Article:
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Trillion-dollar Infrastructure Plan Promises Big But Still Lacks Details

Six months ago, President Trump made a pledge to fund a $1 trillion infrastructure program to address our aging infrastructure needs. It remains a hot topic, but has taken a back seat for now to other legislative measures, namely tax reform and health care. The Trump administration has released some executive orders on the infrastructure plan and establishing discipline and accountability in the environmental review and permitting process.
Although nothing concrete has happened for infrastructure yet, some of the outlined points of the infrastructure plan could have a positive effect on projects along the waterways. As we reported in the last issue, funding for the U.S. Army Corps of Engineers could be better for 2018 (making better use of the Harbor Maintenance Trust Fund), but proposed funding levels are up from the previous year. Current funding levels can do little, however, to make a true dent in the backlog of deferred maintenance on the U.S. waterways. The new administration’s solutions include limiting the federal government’s role in the construction and maintenance of waterway resource infrastructure, leveraging private funding for projects, and revamping and streamlining the environmental approval and permitting process.
We have seen little in the way of substantive details on the $1 trillion plan. In fact, the long-promised vision for our nation’s infrastructure was slipped quietly into the Trump administration’s proposed 2018 budget. But the six-page fact sheet outlines some important details of the proposed reform.
The plan blames some of our issues with infrastructure on “confusion about the federal government’s role in infrastructure” and that the federal government has taken on an unhealthy role in funding local infrastructure projects, encouraging state and local governments to delay projects in the hope of receiving federal funds. “Overreliance on federal grants and other federal funding can create a strong disincentive for non-federal revenue generation,” the plan said. Yet the very next paragraph acknowledges that the federal government is responsible for only approximately one-fifth of infrastructure spending. And we need to cut from that?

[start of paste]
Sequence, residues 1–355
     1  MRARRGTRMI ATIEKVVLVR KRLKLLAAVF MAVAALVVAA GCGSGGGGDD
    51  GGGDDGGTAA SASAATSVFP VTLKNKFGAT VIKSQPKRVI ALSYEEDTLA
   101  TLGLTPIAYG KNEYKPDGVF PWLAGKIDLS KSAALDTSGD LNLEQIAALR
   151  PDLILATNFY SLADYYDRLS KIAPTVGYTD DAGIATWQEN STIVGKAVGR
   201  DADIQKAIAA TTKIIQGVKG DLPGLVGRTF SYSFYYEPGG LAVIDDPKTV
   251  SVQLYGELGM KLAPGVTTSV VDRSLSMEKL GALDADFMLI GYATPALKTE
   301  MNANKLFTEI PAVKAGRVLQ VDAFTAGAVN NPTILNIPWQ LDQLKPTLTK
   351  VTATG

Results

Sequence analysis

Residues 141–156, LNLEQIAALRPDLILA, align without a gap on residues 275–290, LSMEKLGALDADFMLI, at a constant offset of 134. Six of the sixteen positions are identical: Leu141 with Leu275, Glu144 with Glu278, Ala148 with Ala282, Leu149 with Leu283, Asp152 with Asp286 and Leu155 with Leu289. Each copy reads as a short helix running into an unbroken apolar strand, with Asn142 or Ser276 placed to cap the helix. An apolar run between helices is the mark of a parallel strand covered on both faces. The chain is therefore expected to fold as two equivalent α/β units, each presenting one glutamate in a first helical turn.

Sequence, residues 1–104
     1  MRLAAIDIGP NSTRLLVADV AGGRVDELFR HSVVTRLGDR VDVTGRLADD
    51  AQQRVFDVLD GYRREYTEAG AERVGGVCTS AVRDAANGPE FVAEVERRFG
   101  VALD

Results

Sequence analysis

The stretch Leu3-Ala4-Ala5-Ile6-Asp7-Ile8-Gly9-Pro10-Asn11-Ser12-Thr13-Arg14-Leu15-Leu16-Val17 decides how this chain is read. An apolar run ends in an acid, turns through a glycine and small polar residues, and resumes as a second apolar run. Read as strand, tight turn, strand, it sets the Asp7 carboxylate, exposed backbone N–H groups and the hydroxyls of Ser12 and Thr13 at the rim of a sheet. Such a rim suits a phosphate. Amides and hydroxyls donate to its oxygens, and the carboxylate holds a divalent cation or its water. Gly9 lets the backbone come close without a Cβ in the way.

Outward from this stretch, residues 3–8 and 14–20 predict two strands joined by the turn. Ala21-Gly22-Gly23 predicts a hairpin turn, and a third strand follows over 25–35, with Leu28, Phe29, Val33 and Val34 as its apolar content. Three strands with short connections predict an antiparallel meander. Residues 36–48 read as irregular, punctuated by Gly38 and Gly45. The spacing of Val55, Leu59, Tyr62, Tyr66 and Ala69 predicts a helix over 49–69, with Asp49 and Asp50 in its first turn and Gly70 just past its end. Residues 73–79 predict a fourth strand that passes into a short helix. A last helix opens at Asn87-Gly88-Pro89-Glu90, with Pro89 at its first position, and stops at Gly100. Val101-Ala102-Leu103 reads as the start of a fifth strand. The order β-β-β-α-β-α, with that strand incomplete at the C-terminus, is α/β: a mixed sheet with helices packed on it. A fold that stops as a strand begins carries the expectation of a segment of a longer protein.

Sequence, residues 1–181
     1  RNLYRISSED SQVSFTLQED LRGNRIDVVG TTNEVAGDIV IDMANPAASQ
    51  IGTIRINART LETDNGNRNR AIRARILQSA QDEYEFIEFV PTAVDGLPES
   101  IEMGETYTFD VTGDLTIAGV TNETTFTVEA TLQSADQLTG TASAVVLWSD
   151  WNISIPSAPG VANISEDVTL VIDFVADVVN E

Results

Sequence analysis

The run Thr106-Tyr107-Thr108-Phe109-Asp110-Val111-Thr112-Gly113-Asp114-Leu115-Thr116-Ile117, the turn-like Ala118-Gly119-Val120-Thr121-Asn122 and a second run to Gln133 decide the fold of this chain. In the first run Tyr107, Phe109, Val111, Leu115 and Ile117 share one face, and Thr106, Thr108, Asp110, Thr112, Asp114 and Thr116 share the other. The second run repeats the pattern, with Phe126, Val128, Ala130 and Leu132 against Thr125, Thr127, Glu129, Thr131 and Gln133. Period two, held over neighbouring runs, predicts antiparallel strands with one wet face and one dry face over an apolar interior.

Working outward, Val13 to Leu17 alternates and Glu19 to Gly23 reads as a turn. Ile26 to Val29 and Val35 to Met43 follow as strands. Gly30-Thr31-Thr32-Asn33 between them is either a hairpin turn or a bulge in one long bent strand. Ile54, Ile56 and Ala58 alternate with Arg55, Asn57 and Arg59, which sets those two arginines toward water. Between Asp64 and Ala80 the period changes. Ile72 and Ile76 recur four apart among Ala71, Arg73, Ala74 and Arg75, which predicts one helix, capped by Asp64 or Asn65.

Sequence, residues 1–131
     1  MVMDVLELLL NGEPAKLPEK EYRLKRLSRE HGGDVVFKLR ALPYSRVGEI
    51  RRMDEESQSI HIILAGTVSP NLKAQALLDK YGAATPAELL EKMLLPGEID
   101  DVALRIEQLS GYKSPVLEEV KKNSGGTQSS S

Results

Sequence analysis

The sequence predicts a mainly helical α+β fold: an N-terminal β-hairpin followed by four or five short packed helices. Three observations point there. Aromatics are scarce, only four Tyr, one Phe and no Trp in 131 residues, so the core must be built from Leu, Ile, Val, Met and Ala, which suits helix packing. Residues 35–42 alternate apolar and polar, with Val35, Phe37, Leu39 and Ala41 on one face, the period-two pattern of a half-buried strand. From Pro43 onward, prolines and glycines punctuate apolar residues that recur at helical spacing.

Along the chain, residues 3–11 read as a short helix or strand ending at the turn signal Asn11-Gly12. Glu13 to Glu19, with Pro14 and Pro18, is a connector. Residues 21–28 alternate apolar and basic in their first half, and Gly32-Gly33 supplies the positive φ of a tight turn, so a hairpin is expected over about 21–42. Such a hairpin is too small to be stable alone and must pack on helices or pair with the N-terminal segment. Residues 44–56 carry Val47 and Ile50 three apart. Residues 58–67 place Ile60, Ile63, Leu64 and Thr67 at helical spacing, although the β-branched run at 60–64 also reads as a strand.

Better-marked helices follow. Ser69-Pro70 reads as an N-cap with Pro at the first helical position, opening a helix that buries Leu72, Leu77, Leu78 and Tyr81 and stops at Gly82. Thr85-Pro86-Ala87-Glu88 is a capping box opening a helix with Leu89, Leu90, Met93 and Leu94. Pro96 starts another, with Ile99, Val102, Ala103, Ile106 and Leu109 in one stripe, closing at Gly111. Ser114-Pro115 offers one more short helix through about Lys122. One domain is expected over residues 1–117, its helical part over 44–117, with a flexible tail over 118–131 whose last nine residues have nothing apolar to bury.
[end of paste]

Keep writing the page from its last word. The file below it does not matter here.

Part of reevaluating the federal government’s role in infrastructure also includes a look at the environmental permitting process (something the Corps of Engineers and Congress has acknowledged as an issue and taken steps to remedy already). But the administration has yet to connect the dots between cutting federal spending and lowering federal responsibility, and constructing a $1 trillion infrastructure investment.
The proposed budget for 2018 includes $200 billion for infrastructure spending over the next 10 years, and the plan calls for the other $800 billion to be sourced from the private sector, but how will that happen?
According to the infrastructure plan fact sheet, “The administration’s goal is to seek long-term reforms on how infrastructure projects are regulated, funded, delivered and maintained. Providing more federal funding, on its own, is not the solution to our infrastructure challenges. Rather, we will work to fix underlying incentives, procedures and policies to spur better infrastructure decisions and outcomes, across a range of sectors.” This is not unlike many of the goals of the Water Resources Reform and Development Act of 2014 and the Water Resources Development Act of 2016 and actions already taken by the Corps to streamline the permitting and funding process.
In August, the Trump administration also released “Presidential Executive Order on Establishing Discipline and Accountability in the Environmental Review and Permitting Process for Infrastructure.”